Anything you do is selling someone on something, be it selling by example, selling through coercion, or selling with facts. Hell the way you dress is selling someone on your personality... I'm not asking him to do anything I'm not already doing. When it comes to buying household items and cleaners, thats all me. Our general process goes something like this, "honey why are you buying deodorant off the internet?"  i respond "because its better for you" he says "why?" then I explain the ways aluminum oxides are potentially negative for your health... "why are you buying that cleaner?" me "because it smells better, its made from natural products, and if the cat happens to walk in it, she wont get sick or die" (I have a delicate cat that has to go to the vet for anafilaxis if she eats a bug, having things around that wont harm her can be tricky) and so on...

    right, but some people don't care about the facts. If every decision/new "greener" thing you do ends up a lengthy discourse, he's not going to want to hear it. Just start making small changes, and eventually it will become second nature. I started most of the things we do just for the sake of saving money. Now DH knows if there's a spill, he reaches for the pile of cloths we have for that purpose. When something needs cleaned, he grabs the spray bottle of vinegar and baking soda I've prepared. I don't lecture him on the benefits of each every time I prepare them, I just explained what they were for and stopped buying the alternatives we had previously used.  

    imageimageimage
  • He usually asks why Im doing something or why I wont do something so I tell him.
  • In my experience, it just required some patience. I realized that DH wasn't opposed to being more green, he just tended to restist anything that was "different" than what he was used to. I just made the changes I wanted to, and after a while, it was not different anymore, it was just what we did.

    Also pointing out the money we were saving - which makes up for the things that were more pricey was always helpful!

     

     

    <a href="http://www.justherejustnow.com/" target="_blank">[Just here. Just now.]</a>
  • I lucked out, my DH is very understanding of my being green and has actually come up with a lot of good ideas himself.  What I found that works with him is baby steps.  I start one green initiative at a time, let's say recycling because we did that first, and do it myself for awhile, then he picks up on it, once we're both doing it for awhile I move on to the next one.  For recycling, I started rinsing the recyclables and leaving them on the counter to dry.  DH would ask what's going on, I would tell him I'm recycling and show him the picture on the side of the bin of what could be recycled and what couldn't.  After a few weeks of him seeing me pulling recyclable items out of the trash after he chucked them, he started placing them on the counter, where I would rinse them and put them in the bin.  Then he started rinsing them himself, and now he's doing the whole shebang.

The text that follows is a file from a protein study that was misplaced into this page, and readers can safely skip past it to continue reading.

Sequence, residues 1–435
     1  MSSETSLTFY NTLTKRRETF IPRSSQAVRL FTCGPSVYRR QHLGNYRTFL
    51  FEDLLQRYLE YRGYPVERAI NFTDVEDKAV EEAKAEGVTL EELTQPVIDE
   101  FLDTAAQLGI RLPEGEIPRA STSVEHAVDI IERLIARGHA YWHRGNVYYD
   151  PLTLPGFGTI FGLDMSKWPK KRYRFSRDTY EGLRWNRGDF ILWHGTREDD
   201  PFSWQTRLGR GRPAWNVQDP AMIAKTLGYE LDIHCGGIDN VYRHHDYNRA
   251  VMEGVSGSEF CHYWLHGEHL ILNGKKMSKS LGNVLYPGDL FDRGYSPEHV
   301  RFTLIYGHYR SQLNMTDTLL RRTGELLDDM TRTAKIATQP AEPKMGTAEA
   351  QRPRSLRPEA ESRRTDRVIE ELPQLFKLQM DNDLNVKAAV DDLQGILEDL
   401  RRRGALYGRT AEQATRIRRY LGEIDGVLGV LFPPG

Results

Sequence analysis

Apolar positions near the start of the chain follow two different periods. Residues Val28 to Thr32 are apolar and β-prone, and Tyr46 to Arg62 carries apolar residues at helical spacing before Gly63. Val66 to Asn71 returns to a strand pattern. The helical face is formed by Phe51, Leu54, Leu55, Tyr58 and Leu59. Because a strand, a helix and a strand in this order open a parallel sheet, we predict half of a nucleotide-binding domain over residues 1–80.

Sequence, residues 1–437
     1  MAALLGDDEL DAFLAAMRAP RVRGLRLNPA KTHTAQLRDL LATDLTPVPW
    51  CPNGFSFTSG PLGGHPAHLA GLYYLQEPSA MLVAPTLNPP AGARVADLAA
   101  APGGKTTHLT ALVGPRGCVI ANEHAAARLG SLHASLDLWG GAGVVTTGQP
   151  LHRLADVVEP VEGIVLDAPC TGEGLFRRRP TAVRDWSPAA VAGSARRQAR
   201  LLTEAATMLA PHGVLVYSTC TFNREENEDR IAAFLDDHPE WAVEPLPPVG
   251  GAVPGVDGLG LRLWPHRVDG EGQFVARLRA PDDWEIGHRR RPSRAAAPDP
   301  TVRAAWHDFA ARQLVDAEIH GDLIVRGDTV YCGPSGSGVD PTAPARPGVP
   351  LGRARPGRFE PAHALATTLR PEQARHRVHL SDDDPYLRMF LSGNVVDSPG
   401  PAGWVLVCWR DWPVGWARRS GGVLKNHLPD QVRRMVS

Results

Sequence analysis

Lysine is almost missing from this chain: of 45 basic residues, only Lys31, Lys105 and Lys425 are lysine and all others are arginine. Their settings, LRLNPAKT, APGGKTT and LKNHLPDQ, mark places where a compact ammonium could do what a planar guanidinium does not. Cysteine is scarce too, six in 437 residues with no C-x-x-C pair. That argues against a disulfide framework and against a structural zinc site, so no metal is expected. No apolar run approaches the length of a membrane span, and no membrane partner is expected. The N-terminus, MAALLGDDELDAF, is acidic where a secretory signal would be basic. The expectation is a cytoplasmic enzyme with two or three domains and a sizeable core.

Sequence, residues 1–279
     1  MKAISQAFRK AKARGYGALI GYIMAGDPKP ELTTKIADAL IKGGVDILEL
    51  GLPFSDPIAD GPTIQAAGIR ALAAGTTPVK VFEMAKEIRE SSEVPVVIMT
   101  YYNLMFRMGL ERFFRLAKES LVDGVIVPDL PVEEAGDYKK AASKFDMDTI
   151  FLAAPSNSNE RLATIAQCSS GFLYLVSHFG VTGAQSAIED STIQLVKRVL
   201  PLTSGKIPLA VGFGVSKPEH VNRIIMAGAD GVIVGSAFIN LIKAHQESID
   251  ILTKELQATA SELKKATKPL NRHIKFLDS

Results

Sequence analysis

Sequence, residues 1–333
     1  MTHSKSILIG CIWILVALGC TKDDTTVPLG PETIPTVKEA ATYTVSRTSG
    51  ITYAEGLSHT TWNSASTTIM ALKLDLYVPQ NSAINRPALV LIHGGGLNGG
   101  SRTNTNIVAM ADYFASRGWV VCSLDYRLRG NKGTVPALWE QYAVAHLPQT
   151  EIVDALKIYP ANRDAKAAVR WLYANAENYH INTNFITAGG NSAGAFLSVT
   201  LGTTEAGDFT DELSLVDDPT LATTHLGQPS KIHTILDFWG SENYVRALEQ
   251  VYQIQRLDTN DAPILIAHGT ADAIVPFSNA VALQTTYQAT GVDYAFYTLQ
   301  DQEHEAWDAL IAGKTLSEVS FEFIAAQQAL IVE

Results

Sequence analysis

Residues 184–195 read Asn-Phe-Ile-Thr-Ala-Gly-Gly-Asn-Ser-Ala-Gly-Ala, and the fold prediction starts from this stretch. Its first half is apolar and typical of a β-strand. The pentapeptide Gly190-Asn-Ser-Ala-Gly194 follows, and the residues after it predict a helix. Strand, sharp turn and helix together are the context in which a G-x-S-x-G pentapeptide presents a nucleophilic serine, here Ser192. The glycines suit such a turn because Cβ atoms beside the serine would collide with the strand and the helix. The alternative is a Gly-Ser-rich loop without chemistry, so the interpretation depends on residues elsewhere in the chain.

I did the same process with removing paper towels.  We used to go through 2 rolls a month, now it's 1 every other month (we only really use them for pet messes now).  I bought some rags, and started using them for wiping up messes and cleaning instead of PT.  I also hid the PT roll, which keep DH from grabbing it the way he always had.  After awhile, he started using the rags and now we have a whole system of these rags are used for this, and these rags are used for that.  I did the same process for composting, and we started gardening together.

     

    Well-said Lisa78, "I just made the changes I wanted to, and after a while, it was not different anymore, it was just what we did. "

    [url="http://www.thebump.com/?utm_source=breastfeeder&utm_medium=ubb&utm_campaign=badges"][img]http://images.thenestbaby.com/badges/tb_sig_ebf.gif [/img][/url]
    <a href="http://www.thebump.com/?utm_source=sahm&utm_medium=ubb&utm_campaign=badges"><img src="http://images.thenestbaby.com/badges/tb_sig_sahm.gif"></a>


    <a href="http://lilypie.com/"><img src="http://lb1m.lilypie.com/fTcWm4.png" width="200" height="80" border="0" alt="Lilypie First Birthday tickers" /></a>
  • I am a compulsive recycler. That said, if you have to drive all over the place to do it, how green is it really? Just a thought. I have it easy, since I live in Portland and we have curbside recycling. My husband collects the stuff they don't take and brings it to another plant.

    I think making one change at a time is good. Lead by example. Just be excited about it and people will pick up on that. Trying to sell people on the idea will be more difficult. A lot of things can be re-purposed or done cheaper the green way.

Sign In or Register to comment.
Choose Another Board
Search Boards